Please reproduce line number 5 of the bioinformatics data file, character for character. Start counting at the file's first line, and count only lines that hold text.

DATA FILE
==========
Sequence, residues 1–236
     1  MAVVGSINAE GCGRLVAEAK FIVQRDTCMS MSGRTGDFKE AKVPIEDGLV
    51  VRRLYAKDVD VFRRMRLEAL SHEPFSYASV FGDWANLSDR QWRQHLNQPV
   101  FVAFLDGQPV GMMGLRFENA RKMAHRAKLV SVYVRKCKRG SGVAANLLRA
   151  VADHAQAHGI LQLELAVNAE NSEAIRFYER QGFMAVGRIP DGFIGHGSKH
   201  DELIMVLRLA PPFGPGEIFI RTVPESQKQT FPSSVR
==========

   151  VADHAQAHGI LQLELAVNAE NSEAIRFYER QGFMAVGRIP DGFIGHGSKH